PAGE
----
Finance and StewardshipJason Terry

The clerk of library, records, and handbook noted some concerns over the capital campaign fund regarding information in the handbook and asked about requirements for members of the proposed committee.

Jason Terry responded that handbook updates were forthcoming and that their intention for the committee was that it would be open to anyone willing and able to do the work.

One friend noted the ease of using the monthly contribution system, and raised the idea of annuity giving.
Jason Terry responded that the meeting currently holds one annuity account and that annuity accounts are overseen by Trustees rather than Finance and Stewardship.

One friend recommended setting up donations through a donor-advised fund.
Jason Terry noted that there was a group named Half-My-DAF that would match funds provided through a donor-advised fund.

One friend added that gifts of stock were highly difficult but a donor-advised fund was significantly easier and more financially economical.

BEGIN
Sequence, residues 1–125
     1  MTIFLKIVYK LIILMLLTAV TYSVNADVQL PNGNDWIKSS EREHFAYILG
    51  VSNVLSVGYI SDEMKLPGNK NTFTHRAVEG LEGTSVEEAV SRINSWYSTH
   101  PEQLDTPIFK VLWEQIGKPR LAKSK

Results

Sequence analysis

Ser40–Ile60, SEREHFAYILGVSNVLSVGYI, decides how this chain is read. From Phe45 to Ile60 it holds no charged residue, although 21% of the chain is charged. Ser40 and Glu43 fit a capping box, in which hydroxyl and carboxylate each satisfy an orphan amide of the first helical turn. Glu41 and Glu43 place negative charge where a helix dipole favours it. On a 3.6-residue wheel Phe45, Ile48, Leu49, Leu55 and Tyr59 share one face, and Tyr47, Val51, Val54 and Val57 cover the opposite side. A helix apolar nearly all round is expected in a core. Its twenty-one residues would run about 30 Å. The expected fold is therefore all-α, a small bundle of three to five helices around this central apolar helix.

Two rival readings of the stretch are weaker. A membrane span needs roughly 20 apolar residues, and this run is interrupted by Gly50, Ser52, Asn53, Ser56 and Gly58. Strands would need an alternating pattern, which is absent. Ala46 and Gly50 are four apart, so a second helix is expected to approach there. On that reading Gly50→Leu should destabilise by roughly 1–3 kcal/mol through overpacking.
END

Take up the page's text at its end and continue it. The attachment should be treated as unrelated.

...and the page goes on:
Friends accepted the report.

Nominating Committee – Michael Beer

  • Martha Solt has asked to resign from the Personnel Committee, and from Trustees. (Note Martha’s Trustees term runs out at the end of September).  Several friends expressed their gratitude to Martha Solt. Friends accepted.
  • Michael Beer expressed his and the meeting’s gratitude for all members of Trustees who were stepping down.
  • Personal Aid Committee - Bill Parker has agreed to serve as clerk through December 2023. Friends approved.
  • Library Committee - Savannah Richie through 2026. Friends approved.
  • School for Friends board - Virginia Avanesyan. Friends approved.
  • Finance & Stewardship recommends the following individuals for financial roles for the July 2023 - June 2024 fiscal year:  Merry Pearlstein, treasurer;  Grant Thompson, assistant treasurer; Anita Drever, financial coordinator.  Friends confirmed their prior approval for Merry Pearlstein, Grant Thompson, and Anita Drever.
  • Resignation of Bruce Kellogg from Trustees. Friends accepted and acknowledged his many contributions to the meeting.
  • Trustees–Matthew Higgins–term starting October 1st 2023 ending September 30, 2029
  • Trustees–JE McNeil–term starting October 1st 2023 ending September 30, 2029
  • Trustees–Meg Greene–term starting October 1st 2023 ending September 30, 2029
  • Trustees–Justin Connor–term starting October 1st 2023 ending September 30, 2029

One friend requested clarity on the end-month of the appointments.

The co-clerk noted that there was a request made from Trustees to re-align the appointment start and end dates and this was an intended transition away from starting and ending in September, such that in the future all appointments will begin and end in December.